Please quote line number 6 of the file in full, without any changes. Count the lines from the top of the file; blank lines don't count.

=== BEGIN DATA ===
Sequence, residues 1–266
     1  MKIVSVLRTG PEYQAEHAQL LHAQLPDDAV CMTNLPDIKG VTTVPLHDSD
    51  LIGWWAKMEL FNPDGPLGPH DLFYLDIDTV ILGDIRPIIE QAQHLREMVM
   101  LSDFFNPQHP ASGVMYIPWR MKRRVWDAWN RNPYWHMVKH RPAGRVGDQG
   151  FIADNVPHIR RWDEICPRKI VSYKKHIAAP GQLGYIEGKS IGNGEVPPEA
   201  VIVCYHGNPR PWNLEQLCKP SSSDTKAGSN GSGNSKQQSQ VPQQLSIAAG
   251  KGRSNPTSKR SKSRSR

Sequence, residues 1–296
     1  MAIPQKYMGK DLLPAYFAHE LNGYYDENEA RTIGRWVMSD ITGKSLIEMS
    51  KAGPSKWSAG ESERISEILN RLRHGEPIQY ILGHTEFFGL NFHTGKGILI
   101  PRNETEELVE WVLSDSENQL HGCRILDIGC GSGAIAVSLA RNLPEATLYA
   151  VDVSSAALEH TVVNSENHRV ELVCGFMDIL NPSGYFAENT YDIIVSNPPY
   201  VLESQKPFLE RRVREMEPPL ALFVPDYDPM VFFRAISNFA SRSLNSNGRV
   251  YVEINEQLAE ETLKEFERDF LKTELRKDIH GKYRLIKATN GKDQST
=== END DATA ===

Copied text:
   201  VIVCYHGNPR PWNLEQLCKP SSSDTKAGSN GSGNSKQQSQ VPQQLSIAAG